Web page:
It is well established that the phagocyte oxidative burst can be primed by pre-exposure to certain agents that induce either a weak or no oxidative burst response themselves, but strongly enhance the oxidative burst upon exposure to a secondary stimulus. LPS and IFN-γ among others are well known agonists capable of priming the macrophage oxidative burst. With our assays we have found that the macrophage phagosomal oxidative burst is subject to priming with LPS and/or IFN-γ as indicated by the enhanced phagosomal substrate oxidation in pre-activated macrophages. These observations are consistent with previous studies that quantified extracellular O2- release from IFN-γ primed macrophages following secondary exposure to PMA (28). Although the molecular basis of NADPH oxidase priming in macrophages is not completely understood the process likely involves increased expression of the gp91phox, gp22phox, p47phox, p67phox (29-31) as well as alterations in tyrosine phosphorylation and protein kinase C signal transduction pathways (32-34). The assays detailed here provide a quantitative readout of primed phagosomal oxidative burst and make use of relevant phagocytosed particles.

Phagosome maturation is directly regulated by membrane phosphoinositide content which is continually modified by phosphoinositide kinases and phosphatases (35). The p40phox and p47phox subunits synchronize NADPH oxidase activity to phagosome maturation via their PX domains which bind to the membrane phosphoinositides PI(3)P, PI(3,4)P2, PI(3,4,5)P3 (36). Specifically, p40phox dependent activation of the NADPH oxidase during Fc receptor-mediated phagocytosis requires PI(3)P on phagosome membranes (37, 38). During maturation PI(3)P transiently resides on phagosomes, appearing approximately 2 minutes following phagocytosis and then disappears within 10 min following phagocytosis (39). A recent study confirmed that indeed maximal phagosomal PI(3)P levels coincided with the termination of phagosomal OxyBURST oxidation (26).

Lastly, it has been proposed for neutrophils and dendritic cells, the NADPH oxidase produces sufficient quantities of reactive oxygen species to consume protons in the phagosome and restricts phagosomal acidification and thus, protease and other hydrolase activity (40, 41). These assays along with our previously developed techniques to quantify phagosomal pH and hydrolase activities (3) will now allow comprehensive analysis of the cytotoxic and degradative environment found in the phagosomes of phagocytic cells.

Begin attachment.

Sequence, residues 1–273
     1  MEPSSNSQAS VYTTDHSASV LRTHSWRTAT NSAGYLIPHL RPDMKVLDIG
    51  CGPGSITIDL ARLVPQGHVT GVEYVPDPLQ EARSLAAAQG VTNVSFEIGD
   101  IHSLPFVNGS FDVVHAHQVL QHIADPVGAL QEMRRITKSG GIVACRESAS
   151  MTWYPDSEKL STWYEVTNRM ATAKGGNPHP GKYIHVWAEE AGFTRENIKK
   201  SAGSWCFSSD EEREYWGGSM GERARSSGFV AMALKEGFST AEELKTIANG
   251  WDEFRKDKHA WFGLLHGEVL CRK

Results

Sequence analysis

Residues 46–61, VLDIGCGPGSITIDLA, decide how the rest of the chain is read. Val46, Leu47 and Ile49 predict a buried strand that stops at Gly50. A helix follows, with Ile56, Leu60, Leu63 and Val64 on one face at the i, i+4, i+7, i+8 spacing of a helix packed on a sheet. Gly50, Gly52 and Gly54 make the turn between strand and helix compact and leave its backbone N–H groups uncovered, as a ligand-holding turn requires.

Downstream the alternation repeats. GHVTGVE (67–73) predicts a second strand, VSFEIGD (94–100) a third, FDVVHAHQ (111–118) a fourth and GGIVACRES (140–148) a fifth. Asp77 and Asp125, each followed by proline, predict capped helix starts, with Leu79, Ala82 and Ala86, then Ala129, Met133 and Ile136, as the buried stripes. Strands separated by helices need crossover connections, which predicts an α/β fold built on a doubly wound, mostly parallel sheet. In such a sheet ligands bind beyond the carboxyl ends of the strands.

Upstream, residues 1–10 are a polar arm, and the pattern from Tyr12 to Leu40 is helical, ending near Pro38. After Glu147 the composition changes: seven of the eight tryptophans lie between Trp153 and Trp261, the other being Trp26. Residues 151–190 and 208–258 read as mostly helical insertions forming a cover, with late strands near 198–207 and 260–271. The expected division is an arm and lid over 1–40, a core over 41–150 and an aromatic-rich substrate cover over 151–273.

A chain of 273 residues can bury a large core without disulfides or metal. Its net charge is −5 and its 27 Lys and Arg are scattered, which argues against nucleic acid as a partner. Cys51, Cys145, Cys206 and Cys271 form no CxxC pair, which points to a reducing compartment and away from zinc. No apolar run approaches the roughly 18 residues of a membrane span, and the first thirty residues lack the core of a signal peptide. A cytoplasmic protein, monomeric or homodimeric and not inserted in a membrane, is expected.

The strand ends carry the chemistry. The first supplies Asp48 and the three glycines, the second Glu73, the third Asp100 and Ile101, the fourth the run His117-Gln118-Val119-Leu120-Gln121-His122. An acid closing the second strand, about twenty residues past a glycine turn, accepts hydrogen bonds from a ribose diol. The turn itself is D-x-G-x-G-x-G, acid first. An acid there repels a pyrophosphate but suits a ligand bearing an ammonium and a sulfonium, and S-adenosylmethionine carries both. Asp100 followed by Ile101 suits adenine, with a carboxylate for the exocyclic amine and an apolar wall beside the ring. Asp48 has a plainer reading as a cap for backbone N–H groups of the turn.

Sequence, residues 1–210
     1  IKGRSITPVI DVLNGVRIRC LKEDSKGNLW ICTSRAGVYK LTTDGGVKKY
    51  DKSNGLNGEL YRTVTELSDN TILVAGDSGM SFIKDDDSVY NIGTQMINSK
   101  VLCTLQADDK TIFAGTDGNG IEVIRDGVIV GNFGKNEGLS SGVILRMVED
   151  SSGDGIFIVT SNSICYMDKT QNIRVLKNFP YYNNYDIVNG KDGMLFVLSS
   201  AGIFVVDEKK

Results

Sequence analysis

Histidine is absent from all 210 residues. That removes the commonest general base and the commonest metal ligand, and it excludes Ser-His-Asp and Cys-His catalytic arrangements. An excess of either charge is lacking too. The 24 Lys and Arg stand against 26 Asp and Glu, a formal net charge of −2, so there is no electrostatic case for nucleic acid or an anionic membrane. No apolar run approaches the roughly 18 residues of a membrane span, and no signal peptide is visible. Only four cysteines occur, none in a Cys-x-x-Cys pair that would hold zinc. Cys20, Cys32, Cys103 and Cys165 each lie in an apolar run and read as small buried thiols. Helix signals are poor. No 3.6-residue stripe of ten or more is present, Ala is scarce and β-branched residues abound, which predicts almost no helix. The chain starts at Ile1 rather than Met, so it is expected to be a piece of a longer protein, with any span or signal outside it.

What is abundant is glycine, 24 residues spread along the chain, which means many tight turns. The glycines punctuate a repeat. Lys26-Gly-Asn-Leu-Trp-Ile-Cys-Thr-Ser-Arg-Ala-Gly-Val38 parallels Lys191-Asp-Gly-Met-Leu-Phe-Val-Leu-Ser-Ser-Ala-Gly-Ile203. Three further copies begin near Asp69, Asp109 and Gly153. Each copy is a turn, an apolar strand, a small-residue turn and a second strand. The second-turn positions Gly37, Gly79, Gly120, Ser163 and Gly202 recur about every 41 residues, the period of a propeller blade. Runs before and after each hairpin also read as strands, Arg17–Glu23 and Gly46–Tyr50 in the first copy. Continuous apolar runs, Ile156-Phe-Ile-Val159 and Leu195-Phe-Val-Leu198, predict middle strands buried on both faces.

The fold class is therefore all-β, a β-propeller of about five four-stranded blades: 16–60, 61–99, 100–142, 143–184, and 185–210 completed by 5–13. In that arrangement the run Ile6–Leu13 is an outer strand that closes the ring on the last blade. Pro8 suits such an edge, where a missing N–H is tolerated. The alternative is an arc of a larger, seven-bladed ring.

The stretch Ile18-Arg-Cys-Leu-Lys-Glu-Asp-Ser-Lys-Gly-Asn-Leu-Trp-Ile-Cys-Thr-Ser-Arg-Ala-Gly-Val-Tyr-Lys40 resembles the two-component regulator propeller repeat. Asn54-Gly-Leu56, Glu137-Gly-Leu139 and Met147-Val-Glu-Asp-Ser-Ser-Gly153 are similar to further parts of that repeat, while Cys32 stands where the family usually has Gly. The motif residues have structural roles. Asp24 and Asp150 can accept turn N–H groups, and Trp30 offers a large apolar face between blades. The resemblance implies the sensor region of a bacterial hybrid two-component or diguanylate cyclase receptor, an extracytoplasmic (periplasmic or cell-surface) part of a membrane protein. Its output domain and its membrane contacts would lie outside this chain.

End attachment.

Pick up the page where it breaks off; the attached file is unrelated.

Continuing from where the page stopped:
Materials and methods

Cells and materials

Macrophages were harvested from the bone marrow of C57BL/6 and or GP91phox-/- mice (Jackson Laboratories, Bar Harbor, ME, USA) and maintained in Dulbecco's modified Eagle's medium supplemented with 10% FCS, 2 mm L-glutamine, 1 mm sodium pyruvate and 20% L-cell conditioned media maintained at 37°C and 7.0% CO2 (42). For spectrofluorometric studies, fully differentiated macrophages were transferred to petri dishes containing sterile 12.5 × 25 mm glass cover slips and left for 18 hr to establish a confluent monolayer. For microscopy studies cells were transferred to glass bottom petri dishes for 15 h to establish a monolayer. High purity IFN-γ (Preprotech, Rocky Hill, NJ, USA), horseradish peroxidase (Sigma), concentrated H2O2 (Sigma), and LPS (List Biological Laboratories, Campbell, CA, USA) were used.